A few weeks ago, I wrote a post entitled #BadGod and the Conquest of Canaan. The post asked how we reconcile the pacifism of Jesus with the God who the people of Israel say commanded them to slaughter thousands of people and take their land. Since that post, a few experiences have served to muddy the water further in my mind.
The first experience actually occurred prior to the writing of that previous post, but my processing of it has continued since. At the invitation of a friend and colleague, I took something called the enneagram, which is a sort of personality assessment. On the enneagram scale, I tested as a 9. Here is a description of the Enneagram type 9 from the Enneagram Institute:
Nines are accepting, trusting, and stable. They are usually creative, optimistic, and supportive, but can also be too willing to go along with others to keep the peace. They want everything to go smoothly and be without conflict, but they can also tend to be complacent, simplifying problems and minimizing anything upsetting. They typically have problems with inertia and stubbornness. At their Best: indomitable and all-embracing, they are able to bring people together and heal conflicts.
What this tells me about myself is that I HATE CONFLICT! This explains a bit of why everything within me rebels against violence and war. It stands in stark contrast to my desire for peace.
In the midst of contemplating this information about myself, I attended a youth conference. There were two things at this conference that bothered the peace-loving side of me greatly. First, on the third night of the conference, we celebrated communion together. The morning session that day focused on purity and the speaker at the evening session drew upon that for his talk. He showed a few clips from movies to illustrate how Hollywood has distorted our picture of what romantic love is. He said that our perception of romantic love has been corrupted. Then he had a picture put on the large screens of (a Hollywood depicted) Jesus…hanging on the cross, blood on every inch of skin, battered, bruised, and abused. I felt truly sick looking at it. And the first thing I thought to myself was, “How can we, on the one hand, criticize Hollywood’s portrayal of love and sex, but then, in the same breath, lift up a graphic picture of violence?” Are we not just as corrupted by Hollywood in our views of violence? Perhaps even more so if the speaker felt that picture was perfectly okay to show.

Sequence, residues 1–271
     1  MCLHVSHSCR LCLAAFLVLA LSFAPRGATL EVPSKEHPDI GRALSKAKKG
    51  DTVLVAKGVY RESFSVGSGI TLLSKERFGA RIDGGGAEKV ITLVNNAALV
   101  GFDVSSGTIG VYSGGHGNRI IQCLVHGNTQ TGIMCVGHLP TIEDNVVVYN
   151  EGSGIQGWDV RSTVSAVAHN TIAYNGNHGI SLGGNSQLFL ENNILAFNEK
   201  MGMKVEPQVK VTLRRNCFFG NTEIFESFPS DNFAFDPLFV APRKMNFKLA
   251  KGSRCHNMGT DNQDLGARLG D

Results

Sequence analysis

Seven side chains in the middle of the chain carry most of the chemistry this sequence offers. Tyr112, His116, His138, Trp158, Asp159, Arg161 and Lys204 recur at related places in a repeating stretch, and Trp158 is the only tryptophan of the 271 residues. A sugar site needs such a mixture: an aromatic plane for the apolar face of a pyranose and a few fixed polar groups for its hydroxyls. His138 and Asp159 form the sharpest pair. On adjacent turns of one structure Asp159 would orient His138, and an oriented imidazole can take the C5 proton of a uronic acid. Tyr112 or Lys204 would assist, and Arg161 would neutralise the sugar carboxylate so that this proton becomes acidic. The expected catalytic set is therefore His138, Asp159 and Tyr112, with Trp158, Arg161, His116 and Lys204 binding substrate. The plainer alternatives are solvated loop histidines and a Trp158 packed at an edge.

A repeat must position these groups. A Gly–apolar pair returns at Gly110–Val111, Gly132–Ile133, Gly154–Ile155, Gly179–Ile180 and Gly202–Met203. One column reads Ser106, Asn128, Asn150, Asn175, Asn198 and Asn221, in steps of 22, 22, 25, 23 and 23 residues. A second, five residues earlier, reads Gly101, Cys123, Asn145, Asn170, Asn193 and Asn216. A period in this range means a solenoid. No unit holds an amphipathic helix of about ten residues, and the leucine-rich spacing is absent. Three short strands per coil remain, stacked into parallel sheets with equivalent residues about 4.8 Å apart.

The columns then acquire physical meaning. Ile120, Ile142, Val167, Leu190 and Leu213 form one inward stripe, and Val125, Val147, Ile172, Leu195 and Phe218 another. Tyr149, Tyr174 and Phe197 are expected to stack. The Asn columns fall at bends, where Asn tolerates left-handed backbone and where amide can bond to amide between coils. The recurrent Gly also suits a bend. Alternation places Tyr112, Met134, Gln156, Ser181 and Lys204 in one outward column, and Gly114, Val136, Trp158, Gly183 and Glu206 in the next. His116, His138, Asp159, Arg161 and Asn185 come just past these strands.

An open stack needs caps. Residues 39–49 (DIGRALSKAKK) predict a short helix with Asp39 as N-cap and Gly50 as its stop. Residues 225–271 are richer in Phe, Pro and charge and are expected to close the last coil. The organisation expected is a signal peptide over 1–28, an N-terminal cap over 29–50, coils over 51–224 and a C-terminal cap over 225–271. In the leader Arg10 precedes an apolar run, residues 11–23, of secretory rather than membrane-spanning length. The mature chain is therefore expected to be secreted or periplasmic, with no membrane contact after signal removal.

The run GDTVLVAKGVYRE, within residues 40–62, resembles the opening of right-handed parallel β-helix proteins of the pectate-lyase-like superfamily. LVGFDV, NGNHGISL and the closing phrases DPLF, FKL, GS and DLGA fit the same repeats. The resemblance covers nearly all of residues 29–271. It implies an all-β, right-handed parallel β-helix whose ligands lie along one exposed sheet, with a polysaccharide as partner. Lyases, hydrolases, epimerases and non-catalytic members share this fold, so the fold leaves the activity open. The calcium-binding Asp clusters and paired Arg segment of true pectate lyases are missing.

The other experience I want to mention from that conference came on the fourth and final night…with the same speaker again. This time, he spoke about spiritual warfare. Now, I read and enjoyed the Frank Peretti books just like the rest of you, but here’s the thing about those books: THEY ARE FICTION! Don’t get me wrong. I believe that we face struggles and temptations in life that come from some strong force…call it evil or the devil or what-have-you. However, the war imagery bothers me. Yes, I know that the Bible uses that sort of imagery…armor of God, war against powers, blah blah blah. But, frankly, it still doesn’t sit well with me. And it doesn’t seem the type of message we should be focusing on with our youth, who already have been largely desensitized to violence through movies and video games and what not. I’m not sure that using war imagery with teenagers whose closest experience with fighting is World of Warcraft is really very helpful. Especially when we make it seem like we can somehow WIN that battle. Only God can defeat sin…and that battle has already been won…through sacrifice…NOT war.